“Anytime somebody from an agency has to log into an application that is internet facing and that some other agency has developed, they don’t have to create a whole new identity and they’re able to authenticate using that identity,” she said. “It’s a really fun problem set to think about and to develop and doing it at TTS and really put that customer experience spin on it. We’re focusing a lot on the open security control assessment language and always doing things with FedRAMP in mind; that’s also within our portfolio as well.”
Feola said it looks like the path forward for Max.gov, and possibly other sites, is to use an identity broker so that users keep their identity that they’ve been given from their agency, and a hub federates them together. She added Login.gov will be an identity provider that is federated into that hub.
While identity and access management will continue to be a foundational aspect of any zero trust journey, the Army also is focusing on the automation piece for all new software code.
Angel Phaneuf, the chief information security officer for the Army Software Factory, said security automation in the continuous integration/continuous delivery (CICD) pipelines will help get their applications into production a lot sooner.
“We are definitely focused a lot on how we bake in zero trust as our DNA. This is something I always say, like zero trust is a bit of a marriage because you have to continuously work on it for it to be productive; you can’t just do it once,” Phaneuf said. “You have to continuously feed, maintain, update and make sure you’re keeping up with technology. Any vendors that we’ve put in place now, it doesn’t mean that we’re going to be with them forever. I may have just rattled some boots in the room, sorry, but as the speed of technology goes, and as fast as it’s moving, we have to move with it.”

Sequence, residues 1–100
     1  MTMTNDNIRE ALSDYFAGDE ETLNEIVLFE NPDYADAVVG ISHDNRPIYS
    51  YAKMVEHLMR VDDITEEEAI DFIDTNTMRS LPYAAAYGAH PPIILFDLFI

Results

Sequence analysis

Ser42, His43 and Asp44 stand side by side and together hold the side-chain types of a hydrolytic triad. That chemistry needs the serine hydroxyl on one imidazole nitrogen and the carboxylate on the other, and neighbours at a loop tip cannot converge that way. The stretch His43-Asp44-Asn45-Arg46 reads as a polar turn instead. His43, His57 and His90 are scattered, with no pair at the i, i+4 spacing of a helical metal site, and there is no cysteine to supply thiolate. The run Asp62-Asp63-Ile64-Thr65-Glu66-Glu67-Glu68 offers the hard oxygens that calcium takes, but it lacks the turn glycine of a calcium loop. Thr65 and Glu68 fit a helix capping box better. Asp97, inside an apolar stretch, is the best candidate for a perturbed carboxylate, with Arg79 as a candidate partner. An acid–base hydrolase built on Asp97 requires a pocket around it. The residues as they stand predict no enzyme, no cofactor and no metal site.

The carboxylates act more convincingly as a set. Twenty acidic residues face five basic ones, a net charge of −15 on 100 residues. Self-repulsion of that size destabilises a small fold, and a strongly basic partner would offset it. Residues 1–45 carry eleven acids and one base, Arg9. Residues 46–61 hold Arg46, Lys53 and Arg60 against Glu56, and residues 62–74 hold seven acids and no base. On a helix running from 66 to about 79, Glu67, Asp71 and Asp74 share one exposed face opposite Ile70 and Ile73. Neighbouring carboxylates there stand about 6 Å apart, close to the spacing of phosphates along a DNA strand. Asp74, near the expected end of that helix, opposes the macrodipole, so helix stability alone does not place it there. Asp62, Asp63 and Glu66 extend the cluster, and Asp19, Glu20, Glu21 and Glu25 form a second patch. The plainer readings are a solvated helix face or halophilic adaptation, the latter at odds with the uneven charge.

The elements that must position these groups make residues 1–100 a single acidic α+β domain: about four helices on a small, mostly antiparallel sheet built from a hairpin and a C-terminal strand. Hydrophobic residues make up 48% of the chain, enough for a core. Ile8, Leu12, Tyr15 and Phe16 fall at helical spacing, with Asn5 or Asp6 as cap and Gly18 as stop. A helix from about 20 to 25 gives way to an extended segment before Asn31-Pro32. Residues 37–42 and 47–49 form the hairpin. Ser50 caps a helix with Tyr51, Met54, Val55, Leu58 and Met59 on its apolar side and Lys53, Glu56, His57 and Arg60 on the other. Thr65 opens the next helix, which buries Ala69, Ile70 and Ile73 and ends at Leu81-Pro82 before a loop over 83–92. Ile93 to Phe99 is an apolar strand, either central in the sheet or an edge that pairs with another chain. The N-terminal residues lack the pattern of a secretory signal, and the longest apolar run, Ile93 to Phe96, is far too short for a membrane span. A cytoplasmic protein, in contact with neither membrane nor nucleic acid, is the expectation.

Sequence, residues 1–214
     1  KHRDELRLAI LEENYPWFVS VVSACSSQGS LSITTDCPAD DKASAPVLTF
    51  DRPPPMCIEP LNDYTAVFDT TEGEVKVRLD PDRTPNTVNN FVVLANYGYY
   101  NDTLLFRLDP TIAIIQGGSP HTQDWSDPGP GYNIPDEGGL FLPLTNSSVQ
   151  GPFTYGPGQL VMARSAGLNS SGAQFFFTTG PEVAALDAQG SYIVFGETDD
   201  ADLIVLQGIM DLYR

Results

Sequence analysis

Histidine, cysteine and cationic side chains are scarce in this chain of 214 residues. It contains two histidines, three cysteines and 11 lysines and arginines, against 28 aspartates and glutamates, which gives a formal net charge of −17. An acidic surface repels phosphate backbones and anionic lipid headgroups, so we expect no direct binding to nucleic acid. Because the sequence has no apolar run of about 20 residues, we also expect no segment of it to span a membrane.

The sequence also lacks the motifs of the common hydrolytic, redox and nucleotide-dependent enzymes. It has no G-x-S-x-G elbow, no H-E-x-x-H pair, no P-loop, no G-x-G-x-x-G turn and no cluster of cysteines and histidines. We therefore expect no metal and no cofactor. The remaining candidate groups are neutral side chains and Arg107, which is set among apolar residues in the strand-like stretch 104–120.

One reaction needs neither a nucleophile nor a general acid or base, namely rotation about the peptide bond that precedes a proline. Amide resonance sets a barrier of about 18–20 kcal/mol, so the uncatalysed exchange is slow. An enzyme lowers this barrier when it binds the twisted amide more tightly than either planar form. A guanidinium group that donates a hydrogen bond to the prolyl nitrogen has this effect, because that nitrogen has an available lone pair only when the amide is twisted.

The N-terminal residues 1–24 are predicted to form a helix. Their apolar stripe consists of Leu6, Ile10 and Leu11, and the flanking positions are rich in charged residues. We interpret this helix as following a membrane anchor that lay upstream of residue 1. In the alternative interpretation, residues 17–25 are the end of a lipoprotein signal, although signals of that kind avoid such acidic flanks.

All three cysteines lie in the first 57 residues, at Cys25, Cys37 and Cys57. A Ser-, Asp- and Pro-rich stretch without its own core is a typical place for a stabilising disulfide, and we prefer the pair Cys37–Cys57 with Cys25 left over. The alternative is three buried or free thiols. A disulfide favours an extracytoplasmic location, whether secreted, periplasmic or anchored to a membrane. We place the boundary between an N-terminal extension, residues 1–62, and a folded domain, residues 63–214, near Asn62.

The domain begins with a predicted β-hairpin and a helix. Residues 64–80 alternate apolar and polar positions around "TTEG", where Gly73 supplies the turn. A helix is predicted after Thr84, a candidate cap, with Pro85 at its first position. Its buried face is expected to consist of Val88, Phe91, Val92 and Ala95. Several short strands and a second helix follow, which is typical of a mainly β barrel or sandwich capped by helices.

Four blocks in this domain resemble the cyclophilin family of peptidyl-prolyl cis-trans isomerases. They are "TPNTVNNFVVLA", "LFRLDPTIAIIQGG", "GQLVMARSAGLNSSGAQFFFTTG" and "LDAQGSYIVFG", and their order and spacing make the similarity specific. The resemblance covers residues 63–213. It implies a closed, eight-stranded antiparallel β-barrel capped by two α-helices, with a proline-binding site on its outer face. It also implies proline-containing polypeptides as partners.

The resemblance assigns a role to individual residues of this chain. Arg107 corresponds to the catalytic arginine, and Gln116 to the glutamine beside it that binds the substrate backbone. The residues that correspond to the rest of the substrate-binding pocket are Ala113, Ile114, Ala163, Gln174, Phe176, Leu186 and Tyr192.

The speed of change and how zero trust concepts can keep up is a longer-term effort at DHS S&T.
Donald Coulter, a senior science advisor for cybersecurity in S&T, said the OT/IT integration is a zero trust focus area as part of its critical infrastructure security and resilience research program.
“We are getting a look at spreading some of these zero trust principles across some of these legacy OT systems. It is going to be a critical area that we will focus in over the next few years here,” Coulter said. “Our responsibility there is to protect the critical infrastructure and working across public and private partnerships in that domain. There’s so many applications not just within CISA and what we protect there, but across the transportation sector, the energy sector and others sectors. We’re partnering with the Department of Energy as well. So there are so many applications, there’s so many different devices out there that are getting connected to the internet and to the networks that we that have that gaping opportunity for us to increase the resilience of.”